Governor Ralph Northam touted the General Assembly’s controversial redirecting of regional transportation funding to Metrorail at a lunch with the Loudoun County Chamber of Commerce today.
Referring to the General Assembly’s extended 2018 session, he pointed to major infrastructure investments in the Port of Virginia and Metrorail.
“One of the things that I am so proud, in a bipartisan way, your legislators came together this year and put a dedicated source of revenue for Metro, $154 million that will continue year after year,” Northam said, “and Metro transportation infrastructure is vitally important, not only to Northern Virginia, but to all of Virginia.”
The General Assembly’s Metro funding legislation was not universally well received in Northern Virginia, including by the Loudoun County Chamber of Commerce. The state put little new money into Metro; most of that funding was stripped from regional transportation projects by redirecting money from the Northern Virginia Transportation Authority. That drew strong criticism from local elected officials, businesses, and regional transportation and business groups for trying to solve Metro’s problem by further hobbling efforts to catch up on other transportation needs in Northern Virginia.
In March, Chamber President and CEO Tony Howard likened it to “pulling your fingers out of one hole in the dike and putting it into another. You haven’t really made progress.”
Every Loudoun state senator and delegate except Del. Dave A. LaRock (R-33) voted to protect Northern Virginia Transportation Authority funding, instead supporting draft language from Northam’s office that would have instead raised taxes on real estate transactions and stays in guest lodging like hotels to raise that funding.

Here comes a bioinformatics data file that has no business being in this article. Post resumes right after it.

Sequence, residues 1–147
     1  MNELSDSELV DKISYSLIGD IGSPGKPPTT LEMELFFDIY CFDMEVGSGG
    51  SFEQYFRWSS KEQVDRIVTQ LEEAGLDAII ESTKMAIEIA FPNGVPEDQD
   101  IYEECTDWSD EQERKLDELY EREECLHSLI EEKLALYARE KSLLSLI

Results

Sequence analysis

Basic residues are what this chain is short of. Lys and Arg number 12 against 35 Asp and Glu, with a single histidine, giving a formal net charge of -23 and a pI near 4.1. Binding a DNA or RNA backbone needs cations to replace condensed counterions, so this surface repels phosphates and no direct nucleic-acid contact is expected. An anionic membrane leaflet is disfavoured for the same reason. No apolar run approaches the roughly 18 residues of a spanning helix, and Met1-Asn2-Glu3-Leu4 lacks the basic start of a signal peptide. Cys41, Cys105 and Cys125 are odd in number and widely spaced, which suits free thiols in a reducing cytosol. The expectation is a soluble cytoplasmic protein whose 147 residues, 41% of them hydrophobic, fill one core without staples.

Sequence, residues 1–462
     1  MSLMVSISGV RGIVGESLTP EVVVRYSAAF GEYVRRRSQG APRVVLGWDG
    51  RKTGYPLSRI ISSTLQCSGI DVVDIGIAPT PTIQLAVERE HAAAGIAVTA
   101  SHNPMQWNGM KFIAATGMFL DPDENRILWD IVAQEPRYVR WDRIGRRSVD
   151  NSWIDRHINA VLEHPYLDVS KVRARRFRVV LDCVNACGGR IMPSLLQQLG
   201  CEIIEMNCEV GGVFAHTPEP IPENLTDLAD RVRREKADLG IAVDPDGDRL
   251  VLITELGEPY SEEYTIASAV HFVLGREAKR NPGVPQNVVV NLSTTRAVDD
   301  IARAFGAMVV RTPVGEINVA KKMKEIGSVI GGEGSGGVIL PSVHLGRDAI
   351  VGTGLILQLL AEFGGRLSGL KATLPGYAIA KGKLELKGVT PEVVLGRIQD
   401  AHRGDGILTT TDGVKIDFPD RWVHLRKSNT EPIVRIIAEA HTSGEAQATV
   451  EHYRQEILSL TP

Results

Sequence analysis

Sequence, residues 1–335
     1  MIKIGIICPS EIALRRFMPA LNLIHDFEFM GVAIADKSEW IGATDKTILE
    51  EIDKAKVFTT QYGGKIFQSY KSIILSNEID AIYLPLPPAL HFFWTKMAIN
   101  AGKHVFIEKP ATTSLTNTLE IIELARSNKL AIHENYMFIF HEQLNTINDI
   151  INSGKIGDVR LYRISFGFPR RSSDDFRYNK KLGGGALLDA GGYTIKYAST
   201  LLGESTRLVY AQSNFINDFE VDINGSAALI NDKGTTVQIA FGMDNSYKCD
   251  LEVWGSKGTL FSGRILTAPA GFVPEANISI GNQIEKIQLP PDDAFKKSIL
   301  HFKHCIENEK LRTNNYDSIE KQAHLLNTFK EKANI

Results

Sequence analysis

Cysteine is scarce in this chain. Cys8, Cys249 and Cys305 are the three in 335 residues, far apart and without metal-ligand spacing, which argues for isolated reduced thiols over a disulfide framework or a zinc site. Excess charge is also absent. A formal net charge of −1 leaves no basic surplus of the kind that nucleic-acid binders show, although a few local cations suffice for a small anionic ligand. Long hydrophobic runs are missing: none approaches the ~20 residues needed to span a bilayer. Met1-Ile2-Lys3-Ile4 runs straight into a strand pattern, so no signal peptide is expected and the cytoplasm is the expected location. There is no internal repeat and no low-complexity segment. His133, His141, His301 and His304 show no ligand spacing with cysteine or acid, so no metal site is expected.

Northam also celebrated Virginia’s investments in education and health care in the state’s budget, which was passed after a fraught process delayed by a divide between the two chambers of the General Assembly over whether to expand Medicare in Virginia. He said “it wasn’t that long ago that Virginia was the number one state in this great country of ours in which to do business.”
“If I have anything to do with it, I want to bring Virginia back to being the number one state in which to do business,” Northam said. Ultimately the state legislature did expand Medicare in Virginia, extending health coverage to hundreds of thousands of people, along with putting a half billion dollars in reserve to protect the state’s triple-A credit rating. The state also put millions into both public schools and higher education.
He told the business community gathered at the lunch that his administration is working to expand broadband and reduce business regulations in the state.
“In 2018, if you don’t have access to broadband, to the internet, then your hands are tied,” Northam said. “And think about children who we’re trying to educate who are working on computers at school, and then go home and have an assignment and don’t have access to the internet.” He said his administration “will make sure that everybody in Virginia has access to broadband.”
And going forward, he said areas like Northern Virginia and Hampton Roads need to diversify their economies “with some urgency” away from federal contracting and the military.
In his remarks he also frequently referenced his predecessor in the executive mansion, Terry McAuliffe. He recounted the pranks McAuliffe left behind for him in the bedroom of the executive mansion—including, he said, pillows with McAuliffe’s face on them that read “you can sleep when you’re dead” and alarm clocks hidden around the room that began going off at 3 a.m.